• In an association , all elements are idempotent with respect to the links and . That means it is always and . The same applies to the half-associations and .${\ displaystyle (V, \ vee, \ wedge)}$${\ displaystyle \ vee}$${\ displaystyle \ wedge}$${\ displaystyle u = u \ vee u}$${\ displaystyle u = u \ wedge u}$${\ displaystyle (V, \ vee)}$${\ displaystyle (V, \ wedge)}$
• Absorbent elements are always idempotent.

Idempotent images:

• Constant functions: ${\ displaystyle f \ colon x \ mapsto c.}$
• Identical figure : ${\ displaystyle \ operatorname {id} \ colon x \ mapsto x.}$
• ${\ displaystyle g \ circ f}$, if ${\ displaystyle f \ circ g = \ operatorname {id}.}$
• Projections , e.g. B.${\ displaystyle p \ colon (x, y) \ mapsto (x, 0).}$
• Amount functions :${\ displaystyle | \ cdot | \ colon x \ mapsto | x |.}$
• Hull operators .
• Core operators .

## properties

${\ displaystyle f_ {A} \ colon \, K ^ {n} \ to K ^ {n}, \; x \ mapsto Ax,}$
is idempotent. In particular, the eigenvalues of all are or . Geometrically, idempotent linear mappings can be interpreted as a projection of the vector space onto a sub-vector space .${\ displaystyle A}$${\ displaystyle 0}$${\ displaystyle 1}$
• Every idempotent ring is commutative because it applies to all${\ displaystyle (R, +, \ cdot)}$${\ displaystyle a, b \ in R \ colon}$
${\ displaystyle a + 0 + b = a + b = (a + b) \ cdot (a + b) = a \ cdot (a + b) + b \ cdot (a + b) = a \ cdot a + a \ cdot b + b \ cdot a + b \ cdot b = a + a \ cdot b + b \ cdot a + b,}$
(second and fifth equation because of idempotency, third and fourth equation because of distributivity), so
${\ displaystyle 0 = a \ cdot b + b \ cdot a. \ quad (1)}$
This also applies by and sets and, again, uses idempotency, ${\ displaystyle a \ leftarrow (a \ cdot b)}$${\ displaystyle b \ leftarrow (a \ cdot b)}$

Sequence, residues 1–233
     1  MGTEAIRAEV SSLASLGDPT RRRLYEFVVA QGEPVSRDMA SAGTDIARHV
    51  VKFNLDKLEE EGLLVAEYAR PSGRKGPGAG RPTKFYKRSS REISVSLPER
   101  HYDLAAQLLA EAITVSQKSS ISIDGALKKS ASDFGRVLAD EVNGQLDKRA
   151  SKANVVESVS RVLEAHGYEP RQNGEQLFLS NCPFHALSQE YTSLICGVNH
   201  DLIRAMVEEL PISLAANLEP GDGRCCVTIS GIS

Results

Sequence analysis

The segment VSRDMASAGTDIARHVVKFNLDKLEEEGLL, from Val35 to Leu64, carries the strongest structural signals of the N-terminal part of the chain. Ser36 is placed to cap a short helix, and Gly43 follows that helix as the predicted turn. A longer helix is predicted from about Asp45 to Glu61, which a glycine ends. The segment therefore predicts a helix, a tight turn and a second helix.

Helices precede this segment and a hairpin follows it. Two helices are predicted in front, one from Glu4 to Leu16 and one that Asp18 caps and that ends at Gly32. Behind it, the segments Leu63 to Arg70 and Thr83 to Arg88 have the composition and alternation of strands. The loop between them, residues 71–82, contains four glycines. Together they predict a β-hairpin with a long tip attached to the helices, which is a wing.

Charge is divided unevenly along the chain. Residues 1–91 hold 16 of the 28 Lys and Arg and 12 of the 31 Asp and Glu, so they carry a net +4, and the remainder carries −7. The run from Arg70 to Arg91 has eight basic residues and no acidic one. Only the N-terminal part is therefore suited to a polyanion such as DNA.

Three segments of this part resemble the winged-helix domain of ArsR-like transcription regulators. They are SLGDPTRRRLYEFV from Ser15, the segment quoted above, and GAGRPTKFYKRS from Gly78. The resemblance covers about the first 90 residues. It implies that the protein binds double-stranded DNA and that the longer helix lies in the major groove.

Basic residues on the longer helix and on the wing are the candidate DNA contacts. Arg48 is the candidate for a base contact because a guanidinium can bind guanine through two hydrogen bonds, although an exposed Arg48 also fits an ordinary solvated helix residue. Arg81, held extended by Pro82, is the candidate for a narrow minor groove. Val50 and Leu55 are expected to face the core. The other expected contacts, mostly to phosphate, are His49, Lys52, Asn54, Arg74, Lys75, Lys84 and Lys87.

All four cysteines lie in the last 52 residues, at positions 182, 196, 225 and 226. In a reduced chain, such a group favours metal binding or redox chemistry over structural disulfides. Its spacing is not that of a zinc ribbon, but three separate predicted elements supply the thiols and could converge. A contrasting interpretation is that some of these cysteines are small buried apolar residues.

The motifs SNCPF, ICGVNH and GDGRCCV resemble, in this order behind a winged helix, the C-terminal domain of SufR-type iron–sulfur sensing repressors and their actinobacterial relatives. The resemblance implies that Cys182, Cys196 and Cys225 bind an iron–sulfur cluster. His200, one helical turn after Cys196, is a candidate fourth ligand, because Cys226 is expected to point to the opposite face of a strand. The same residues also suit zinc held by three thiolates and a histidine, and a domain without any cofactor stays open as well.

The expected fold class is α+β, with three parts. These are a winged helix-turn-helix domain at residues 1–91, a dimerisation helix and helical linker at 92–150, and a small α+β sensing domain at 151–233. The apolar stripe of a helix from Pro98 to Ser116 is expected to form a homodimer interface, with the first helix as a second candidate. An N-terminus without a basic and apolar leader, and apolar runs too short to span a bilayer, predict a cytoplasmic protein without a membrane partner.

${\ displaystyle 0 = (a \ cdot b) \ cdot (a \ cdot b) + (a \ cdot b) \ cdot (a \ cdot b) = a \ cdot b + a \ cdot b.}$
Hence is
${\ displaystyle a \ cdot b = a \ cdot b + 0 = a \ cdot b + a \ cdot b + b \ cdot a = 0 + b \ cdot a = b \ cdot a.}$
In particular, the following also applies (because of idempotence and because of (1) with ) ${\ displaystyle b = a}$
${\ displaystyle a + a = a \ times a + a \ times a = 0}$ or. ${\ displaystyle \, - a = a.}$
• An idempotent fast ring is commutative if and only if it is distributive , because:${\ displaystyle (F, +, \ cdot)}$
If is commutative, then applies to all${\ displaystyle (F, +, \ cdot)}$${\ displaystyle a, b, c \ in F \ colon}$
${\ displaystyle c \ cdot (a + b) = (a + b) \ cdot c = (a \ cdot c) + (b \ cdot c) = (c \ cdot a) + (c \ cdot b).}$
If, on the other hand, is distributive, then commutativity follows from this, just as with an idempotent ring.${\ displaystyle (F, +, \ cdot)}$

## Computer science

In IT, the idempotency of recovery measures for databases and services is required in order to ensure fault tolerance in the event of a crash during a restart phase. Undo and redo operations must have the same result even if they are executed several times in a row.

Read-only services are inherently idempotent since the state of the data is not changed. Every non-idempotent writing service can be made an idempotent service from a technical point of view.

### example

In the case of a service for booking amounts of money, the call deposit (100) is not idempotent, since the amount 100 is paid in several times if the service is called up several times. On the other hand, if you were to call up a new account balance (600) , the account balance would remain the same if the service was called up several times. This call would be idempotent.